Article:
If you are not sure of the length of word you are looking for, but know some of the letters, you can represent this with a "wildcard" in TEA. Wildcards can be used in either a template or an anagram pattern; they are indicated by an asterisk (*), which shows where extra letters can be inserted.
The popular conundrum "what words end in GRY?" illustrates the use of wildcards in templates, as shown below:
Type *gry into the box below the Pattern label and click on the Word Search button. You should see a lot of words of different lengths ending GRY, the only well-known ones being angry and hungry.
You can also use wildcards in an anagram pattern. Suppose you wanted to find words of up to eight letters that contained all the vowels. You could represent this by adding a wildcard to an anagram of the letters A, E, I, O and U, as shown below:
Type ;aeiou* into the box below the Pattern label. Before clicking on Word Search, note that the range of answer lengths matched shown by the progress bar goes from 5 to 23 and above. We are only interested in words of up to eight letters and this illustrates one use for the Shortest and Longest controls between the Pattern box and the progress bar: when you have a pattern involving wildcards, it is often useful to lower the Longest setting to avoid seeing a lot of long answers that are not of interest.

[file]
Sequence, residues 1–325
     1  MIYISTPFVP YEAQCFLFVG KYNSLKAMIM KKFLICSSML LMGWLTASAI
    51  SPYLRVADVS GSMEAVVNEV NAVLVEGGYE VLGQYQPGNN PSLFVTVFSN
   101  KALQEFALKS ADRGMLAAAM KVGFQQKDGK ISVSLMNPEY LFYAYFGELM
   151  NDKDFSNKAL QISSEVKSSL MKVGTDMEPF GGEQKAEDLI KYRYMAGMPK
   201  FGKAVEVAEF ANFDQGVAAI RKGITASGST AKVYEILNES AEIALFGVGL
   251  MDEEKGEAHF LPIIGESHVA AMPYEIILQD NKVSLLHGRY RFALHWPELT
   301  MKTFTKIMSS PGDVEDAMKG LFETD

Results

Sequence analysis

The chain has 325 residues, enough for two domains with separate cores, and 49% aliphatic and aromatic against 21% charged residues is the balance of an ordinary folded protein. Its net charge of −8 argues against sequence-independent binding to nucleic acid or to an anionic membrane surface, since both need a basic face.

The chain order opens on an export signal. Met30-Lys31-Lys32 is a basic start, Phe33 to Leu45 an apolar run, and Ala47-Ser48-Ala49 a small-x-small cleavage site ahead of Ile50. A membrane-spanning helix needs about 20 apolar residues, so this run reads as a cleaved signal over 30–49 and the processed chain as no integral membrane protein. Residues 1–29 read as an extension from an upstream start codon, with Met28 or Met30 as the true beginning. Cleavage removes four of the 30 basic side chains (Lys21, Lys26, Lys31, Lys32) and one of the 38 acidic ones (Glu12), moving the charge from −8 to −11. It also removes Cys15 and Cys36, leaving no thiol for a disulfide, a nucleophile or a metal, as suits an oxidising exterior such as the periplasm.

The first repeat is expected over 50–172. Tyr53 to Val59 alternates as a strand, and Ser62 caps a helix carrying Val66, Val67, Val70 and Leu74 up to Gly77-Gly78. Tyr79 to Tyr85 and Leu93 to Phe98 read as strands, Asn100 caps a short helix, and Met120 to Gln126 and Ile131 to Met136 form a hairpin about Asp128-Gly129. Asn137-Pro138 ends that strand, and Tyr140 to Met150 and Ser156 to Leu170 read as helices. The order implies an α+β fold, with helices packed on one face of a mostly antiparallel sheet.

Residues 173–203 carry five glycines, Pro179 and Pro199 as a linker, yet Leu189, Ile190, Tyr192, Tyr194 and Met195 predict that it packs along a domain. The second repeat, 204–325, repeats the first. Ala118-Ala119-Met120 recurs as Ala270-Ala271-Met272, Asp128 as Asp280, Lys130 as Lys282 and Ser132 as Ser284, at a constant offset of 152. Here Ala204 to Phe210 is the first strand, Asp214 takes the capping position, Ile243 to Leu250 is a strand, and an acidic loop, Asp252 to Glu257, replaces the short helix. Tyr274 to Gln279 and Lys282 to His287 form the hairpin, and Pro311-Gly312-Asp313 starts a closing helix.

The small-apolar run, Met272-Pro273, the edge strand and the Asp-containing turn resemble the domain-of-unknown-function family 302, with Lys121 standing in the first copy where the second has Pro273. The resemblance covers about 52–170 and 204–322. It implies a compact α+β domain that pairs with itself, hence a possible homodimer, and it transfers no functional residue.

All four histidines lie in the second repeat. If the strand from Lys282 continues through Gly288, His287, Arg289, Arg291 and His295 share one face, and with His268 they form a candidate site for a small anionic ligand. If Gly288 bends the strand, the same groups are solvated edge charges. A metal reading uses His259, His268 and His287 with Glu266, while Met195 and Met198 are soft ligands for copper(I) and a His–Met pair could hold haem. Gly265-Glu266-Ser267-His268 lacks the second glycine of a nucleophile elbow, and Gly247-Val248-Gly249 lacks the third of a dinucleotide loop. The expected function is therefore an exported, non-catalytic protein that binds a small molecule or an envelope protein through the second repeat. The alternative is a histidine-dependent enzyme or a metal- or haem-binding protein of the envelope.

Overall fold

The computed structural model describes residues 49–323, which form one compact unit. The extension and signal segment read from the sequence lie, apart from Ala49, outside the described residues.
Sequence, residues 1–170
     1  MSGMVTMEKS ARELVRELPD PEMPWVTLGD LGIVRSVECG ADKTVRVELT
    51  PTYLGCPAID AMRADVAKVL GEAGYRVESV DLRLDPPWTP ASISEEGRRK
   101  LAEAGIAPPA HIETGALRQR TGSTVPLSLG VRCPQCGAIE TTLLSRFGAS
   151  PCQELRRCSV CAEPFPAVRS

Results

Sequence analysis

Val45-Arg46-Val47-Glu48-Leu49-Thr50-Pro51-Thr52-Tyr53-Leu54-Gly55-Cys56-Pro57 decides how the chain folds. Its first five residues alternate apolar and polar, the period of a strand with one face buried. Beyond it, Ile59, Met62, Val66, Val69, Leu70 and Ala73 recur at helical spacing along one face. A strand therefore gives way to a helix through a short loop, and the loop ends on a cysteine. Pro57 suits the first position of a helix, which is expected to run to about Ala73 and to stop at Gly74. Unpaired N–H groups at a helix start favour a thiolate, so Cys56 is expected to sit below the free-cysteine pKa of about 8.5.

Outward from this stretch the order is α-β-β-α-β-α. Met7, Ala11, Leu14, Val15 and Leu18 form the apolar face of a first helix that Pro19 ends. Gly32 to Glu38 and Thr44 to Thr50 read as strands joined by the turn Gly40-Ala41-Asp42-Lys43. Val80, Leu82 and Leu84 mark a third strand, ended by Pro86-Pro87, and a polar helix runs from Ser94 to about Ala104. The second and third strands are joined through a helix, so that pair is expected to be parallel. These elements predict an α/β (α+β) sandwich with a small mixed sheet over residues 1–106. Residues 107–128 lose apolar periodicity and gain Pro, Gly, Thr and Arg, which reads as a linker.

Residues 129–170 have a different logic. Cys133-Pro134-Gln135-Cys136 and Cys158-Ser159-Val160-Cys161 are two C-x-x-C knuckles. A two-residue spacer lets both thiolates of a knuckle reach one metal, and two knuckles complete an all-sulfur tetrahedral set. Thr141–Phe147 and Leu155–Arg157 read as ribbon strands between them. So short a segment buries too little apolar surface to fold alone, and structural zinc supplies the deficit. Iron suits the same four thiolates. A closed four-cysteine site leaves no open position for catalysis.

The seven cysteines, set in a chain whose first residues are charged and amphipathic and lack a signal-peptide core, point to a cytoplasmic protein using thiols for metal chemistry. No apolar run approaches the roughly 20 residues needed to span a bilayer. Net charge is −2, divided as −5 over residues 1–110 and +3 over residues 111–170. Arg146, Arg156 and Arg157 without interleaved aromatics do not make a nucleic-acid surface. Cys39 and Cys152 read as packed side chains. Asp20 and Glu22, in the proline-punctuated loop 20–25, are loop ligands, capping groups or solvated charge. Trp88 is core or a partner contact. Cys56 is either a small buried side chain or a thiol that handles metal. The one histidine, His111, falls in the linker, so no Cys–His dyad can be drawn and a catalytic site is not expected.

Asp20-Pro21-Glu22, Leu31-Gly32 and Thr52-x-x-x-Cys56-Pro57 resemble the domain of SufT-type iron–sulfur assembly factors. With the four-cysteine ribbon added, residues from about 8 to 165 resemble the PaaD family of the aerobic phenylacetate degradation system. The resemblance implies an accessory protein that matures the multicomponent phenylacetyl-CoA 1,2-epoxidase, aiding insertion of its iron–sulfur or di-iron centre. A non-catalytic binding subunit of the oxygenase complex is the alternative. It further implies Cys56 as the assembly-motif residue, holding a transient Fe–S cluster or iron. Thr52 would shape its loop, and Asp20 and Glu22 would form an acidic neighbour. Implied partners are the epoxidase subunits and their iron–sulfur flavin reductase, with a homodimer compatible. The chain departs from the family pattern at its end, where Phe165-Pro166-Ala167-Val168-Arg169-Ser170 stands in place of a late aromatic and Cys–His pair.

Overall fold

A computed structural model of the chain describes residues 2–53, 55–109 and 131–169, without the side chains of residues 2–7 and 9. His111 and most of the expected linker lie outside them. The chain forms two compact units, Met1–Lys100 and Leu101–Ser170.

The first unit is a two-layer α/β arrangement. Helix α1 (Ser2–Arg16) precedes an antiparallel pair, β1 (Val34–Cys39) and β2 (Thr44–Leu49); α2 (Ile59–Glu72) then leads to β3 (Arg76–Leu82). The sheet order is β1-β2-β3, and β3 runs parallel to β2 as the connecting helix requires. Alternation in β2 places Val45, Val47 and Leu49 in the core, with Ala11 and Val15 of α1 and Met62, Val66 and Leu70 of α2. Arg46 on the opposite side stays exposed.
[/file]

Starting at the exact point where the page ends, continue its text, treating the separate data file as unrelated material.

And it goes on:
To reduce the Longest setting, either click into the box to the right of the label and change the number using the keyboard; or click on the down arrow to the right of the box using the mouse. Do this now, changing the Longest setting to 8 as shown below:
Click on Word Search and you will see words up to eight letters long containing at least one of each vowel.
Note that "Anagram Balances" are again shown after entries to indicate the letters that were required but not specified in the pattern. For example, * is replaced by a Q and an S for sequoia, so the Anagram Balance is +QS.
Before going on to the next step, change the Longest setting back to the maximum value 31, either by clicking on the up arrow with the mouse, or using the keyboard as described above. In the next step, we'll see another use for wildcards in patterns that include both a template and an anagram part.
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Last updated: $Date: 2010/06/06 20:40:38 $
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